The system for allocating government infrastructure funds to councils is unfair and should be reviewed, the mayor of Clutha District says.
The Ministry of Business Innovation and Employment (MBIE) handles applications for the Tourism Infrastructure Fund, set up by the previous government to support local communities facing pressure from tourism growth.
The fund provides up to $25 million per year for the development of tourism-related infrastructure such as carparks, freedom camping facilities, sewerage and water works and transport projects.
In December, the Clutha District Council's application was declined, as have all their applications to the fund.
Mayor Bryan Cadogan said it was a frustrating process.
"There's a need across the country but there needs to be a fair system and when you look at the criteria [for the funding] one of the three is that preference will be given to councils who have reached their debt system.
"Preference will be given to council's that have reached their debt ceiling, I don't believe that's fair.
"We have always run a very conservative council, so we're in a conundrum because we desperately have the need and because we have cash in the bank: we don't have any CTOs or companies like a port or a power company.
"Ours is in cash and it seems to be that while that's the case we will never succeed in our applications."
He said the criteria for funding needs to be reviewed.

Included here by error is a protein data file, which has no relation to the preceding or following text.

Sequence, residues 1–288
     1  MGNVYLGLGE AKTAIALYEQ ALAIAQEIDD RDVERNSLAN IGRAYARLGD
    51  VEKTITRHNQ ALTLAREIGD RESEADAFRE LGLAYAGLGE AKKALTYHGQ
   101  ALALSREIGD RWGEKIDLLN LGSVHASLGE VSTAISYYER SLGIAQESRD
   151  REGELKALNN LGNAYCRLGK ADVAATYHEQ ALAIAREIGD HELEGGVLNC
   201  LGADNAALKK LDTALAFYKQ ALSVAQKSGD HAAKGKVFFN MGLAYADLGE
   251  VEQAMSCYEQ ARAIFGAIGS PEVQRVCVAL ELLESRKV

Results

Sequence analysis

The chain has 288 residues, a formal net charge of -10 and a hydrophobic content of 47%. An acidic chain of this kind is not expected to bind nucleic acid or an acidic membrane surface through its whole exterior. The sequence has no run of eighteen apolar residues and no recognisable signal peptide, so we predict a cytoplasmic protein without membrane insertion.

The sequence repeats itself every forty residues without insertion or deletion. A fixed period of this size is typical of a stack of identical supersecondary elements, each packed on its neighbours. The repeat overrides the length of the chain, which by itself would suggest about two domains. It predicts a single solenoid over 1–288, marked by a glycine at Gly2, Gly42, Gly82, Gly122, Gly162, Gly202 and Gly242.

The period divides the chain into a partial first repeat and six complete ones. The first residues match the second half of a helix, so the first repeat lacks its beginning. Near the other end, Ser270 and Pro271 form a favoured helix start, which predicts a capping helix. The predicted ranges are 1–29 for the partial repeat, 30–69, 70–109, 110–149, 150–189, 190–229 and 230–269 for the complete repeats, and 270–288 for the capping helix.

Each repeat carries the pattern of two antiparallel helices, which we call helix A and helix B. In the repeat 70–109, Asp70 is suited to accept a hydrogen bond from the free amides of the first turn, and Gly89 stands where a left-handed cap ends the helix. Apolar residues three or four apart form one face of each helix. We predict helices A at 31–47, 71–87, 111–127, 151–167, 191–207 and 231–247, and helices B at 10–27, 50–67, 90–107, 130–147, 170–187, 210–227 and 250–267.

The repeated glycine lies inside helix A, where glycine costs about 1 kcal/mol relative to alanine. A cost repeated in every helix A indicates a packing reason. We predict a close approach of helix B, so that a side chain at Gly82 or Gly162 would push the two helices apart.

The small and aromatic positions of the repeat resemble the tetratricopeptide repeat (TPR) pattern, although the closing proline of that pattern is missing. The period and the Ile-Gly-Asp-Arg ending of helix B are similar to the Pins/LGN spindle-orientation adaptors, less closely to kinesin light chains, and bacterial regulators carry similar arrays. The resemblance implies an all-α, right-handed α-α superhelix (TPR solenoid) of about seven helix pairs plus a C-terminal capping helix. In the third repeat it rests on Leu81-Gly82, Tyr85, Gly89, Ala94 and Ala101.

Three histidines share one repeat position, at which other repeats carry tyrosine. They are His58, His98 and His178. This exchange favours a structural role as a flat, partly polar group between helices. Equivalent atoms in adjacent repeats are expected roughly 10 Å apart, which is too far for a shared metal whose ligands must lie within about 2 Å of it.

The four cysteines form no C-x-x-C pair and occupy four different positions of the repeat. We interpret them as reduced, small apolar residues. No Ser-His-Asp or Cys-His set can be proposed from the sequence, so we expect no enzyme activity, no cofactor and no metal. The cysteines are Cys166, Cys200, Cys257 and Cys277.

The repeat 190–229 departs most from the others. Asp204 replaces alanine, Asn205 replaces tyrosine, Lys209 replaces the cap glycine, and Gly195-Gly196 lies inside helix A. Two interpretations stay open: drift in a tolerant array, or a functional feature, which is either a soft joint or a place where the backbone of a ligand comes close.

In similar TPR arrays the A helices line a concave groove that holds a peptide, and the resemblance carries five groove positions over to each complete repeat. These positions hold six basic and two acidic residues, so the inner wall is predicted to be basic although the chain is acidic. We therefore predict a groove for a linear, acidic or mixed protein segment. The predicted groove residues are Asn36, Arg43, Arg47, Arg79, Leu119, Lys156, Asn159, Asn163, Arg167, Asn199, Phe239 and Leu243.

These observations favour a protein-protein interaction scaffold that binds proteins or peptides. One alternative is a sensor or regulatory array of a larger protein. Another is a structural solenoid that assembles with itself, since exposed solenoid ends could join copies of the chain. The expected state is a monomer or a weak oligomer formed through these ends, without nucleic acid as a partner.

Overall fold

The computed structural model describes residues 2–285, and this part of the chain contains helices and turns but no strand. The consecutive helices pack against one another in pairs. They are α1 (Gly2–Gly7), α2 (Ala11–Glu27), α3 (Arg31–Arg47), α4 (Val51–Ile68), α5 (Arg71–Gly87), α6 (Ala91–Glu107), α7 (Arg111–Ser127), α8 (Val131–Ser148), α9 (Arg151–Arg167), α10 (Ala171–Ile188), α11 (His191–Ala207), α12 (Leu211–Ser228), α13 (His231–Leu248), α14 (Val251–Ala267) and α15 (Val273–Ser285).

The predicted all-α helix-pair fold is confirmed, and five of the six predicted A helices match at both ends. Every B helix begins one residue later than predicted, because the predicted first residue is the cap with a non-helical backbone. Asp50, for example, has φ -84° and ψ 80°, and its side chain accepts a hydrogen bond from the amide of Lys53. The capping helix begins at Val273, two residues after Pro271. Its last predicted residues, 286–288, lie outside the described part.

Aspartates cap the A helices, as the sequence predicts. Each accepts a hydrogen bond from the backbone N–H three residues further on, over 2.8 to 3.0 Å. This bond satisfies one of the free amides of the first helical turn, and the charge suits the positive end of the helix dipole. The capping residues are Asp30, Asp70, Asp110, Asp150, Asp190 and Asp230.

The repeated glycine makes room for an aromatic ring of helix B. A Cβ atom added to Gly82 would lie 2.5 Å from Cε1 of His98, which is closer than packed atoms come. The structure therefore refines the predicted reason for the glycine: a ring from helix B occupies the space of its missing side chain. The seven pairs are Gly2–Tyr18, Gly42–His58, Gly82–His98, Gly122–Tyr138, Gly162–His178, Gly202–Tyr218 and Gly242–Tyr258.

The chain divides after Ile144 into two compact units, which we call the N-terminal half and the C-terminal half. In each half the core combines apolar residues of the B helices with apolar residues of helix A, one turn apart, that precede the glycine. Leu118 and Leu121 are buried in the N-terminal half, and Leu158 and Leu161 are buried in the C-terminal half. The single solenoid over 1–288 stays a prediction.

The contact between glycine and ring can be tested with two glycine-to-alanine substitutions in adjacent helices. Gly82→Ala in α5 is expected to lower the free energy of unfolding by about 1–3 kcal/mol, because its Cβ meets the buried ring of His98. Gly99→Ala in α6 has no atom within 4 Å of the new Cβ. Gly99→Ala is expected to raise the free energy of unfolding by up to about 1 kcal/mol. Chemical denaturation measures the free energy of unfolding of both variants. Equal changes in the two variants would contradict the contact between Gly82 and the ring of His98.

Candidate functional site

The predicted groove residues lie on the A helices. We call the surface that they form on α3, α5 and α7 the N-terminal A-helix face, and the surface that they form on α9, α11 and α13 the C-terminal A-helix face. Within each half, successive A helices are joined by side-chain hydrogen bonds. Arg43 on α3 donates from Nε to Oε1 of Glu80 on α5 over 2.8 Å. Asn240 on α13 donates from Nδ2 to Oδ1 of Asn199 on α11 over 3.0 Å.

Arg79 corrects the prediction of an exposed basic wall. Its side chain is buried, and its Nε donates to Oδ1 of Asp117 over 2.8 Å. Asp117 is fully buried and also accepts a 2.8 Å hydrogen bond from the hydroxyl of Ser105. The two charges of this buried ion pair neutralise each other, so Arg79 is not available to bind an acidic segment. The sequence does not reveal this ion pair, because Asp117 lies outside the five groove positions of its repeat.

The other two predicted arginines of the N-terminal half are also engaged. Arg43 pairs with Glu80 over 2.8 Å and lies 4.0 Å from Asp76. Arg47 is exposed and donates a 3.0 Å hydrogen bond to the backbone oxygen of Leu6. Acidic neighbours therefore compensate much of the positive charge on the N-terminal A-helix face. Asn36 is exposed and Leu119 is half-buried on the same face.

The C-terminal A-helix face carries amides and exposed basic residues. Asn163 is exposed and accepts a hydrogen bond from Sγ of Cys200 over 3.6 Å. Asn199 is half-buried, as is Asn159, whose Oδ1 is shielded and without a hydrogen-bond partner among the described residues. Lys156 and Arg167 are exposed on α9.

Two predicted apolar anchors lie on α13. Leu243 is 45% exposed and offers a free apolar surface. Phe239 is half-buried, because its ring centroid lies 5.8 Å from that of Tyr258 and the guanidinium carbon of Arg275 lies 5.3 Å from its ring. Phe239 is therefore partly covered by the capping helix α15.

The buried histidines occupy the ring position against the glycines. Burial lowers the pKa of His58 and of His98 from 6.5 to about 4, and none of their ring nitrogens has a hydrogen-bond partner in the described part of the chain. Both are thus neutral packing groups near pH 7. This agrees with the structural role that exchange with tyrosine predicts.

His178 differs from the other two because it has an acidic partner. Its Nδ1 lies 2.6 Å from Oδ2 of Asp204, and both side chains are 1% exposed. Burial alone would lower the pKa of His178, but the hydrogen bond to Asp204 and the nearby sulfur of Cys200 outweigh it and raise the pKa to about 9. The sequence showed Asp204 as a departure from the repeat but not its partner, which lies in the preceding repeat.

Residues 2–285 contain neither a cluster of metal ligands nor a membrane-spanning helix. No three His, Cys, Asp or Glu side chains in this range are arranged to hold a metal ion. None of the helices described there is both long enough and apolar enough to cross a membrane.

"Morally I can't have farmers put money aside for a water scheme and then we go 'oh guess what we've used it for infrastructure in the Caitlins', how can I do that? I can't.''
Mackenzie District mayor Graham Smith met the new Tourism Minister Kelvin Davis last week, in what was the first visit to the district for the Labour MP.
Mr Smith said the council was never sure if its funding applications would be successful.
"It's playing havoc with our accounts, as a council we have to budget our expenditure, we have to provide long term plans and this type of expenditure is very difficult for us to manage.''
Mr Davis said it was helpful to receive feedback about how the process worked for them.
"I appreciate the fund doesn't necessarily fit with councils' longer term planning cycles. The [fund] was set up under the last government but we will look at ways to better integrate with council timeframes.''
He said there were no plans to review the funding criteria at this stage.
Mr Cadogan said infrastructure funding would transform the district.
"We've got the Catlins, the jewel in the crown. We've also got the quintessential town of Lawrence, and a real neat story from a commercial base about where New Zealand started from colonisation times with goldmining.''
He said while the district has a fledgling tourism industry the population was too low to support the necessary infrastructure.
"The throng of tourists in the last two years, coming in, not having to spend any money because it's just beautiful scenery that they're looking at but there's still the need for the facilities.
"And because we don't have the advanced tourism infrastructure where we can make them stay and make them pay there's no way of extracting money out of the tourists.
"We are definitely meeting the need of the criteria but because of this one anomaly that 'oh as a council you have other money why don't you use it for that?' We miss out every single time and that's not fair.''